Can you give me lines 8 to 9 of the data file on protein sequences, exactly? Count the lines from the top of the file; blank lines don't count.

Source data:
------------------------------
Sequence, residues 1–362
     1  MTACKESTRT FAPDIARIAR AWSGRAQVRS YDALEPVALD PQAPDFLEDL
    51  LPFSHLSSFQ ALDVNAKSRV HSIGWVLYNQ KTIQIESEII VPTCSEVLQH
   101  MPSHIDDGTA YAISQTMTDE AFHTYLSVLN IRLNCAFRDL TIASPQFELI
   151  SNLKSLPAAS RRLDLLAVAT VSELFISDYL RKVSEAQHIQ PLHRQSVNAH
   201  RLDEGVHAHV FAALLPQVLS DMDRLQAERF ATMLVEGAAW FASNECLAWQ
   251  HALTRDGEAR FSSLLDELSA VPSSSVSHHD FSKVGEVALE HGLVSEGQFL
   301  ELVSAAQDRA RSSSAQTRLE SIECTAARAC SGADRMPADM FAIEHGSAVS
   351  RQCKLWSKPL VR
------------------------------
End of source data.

   301  ELVSAAQDRA RSSSAQTRLE SIECTAARAC SGADRMPADM FAIEHGSAVS
   351  RQCKLWSKPL VR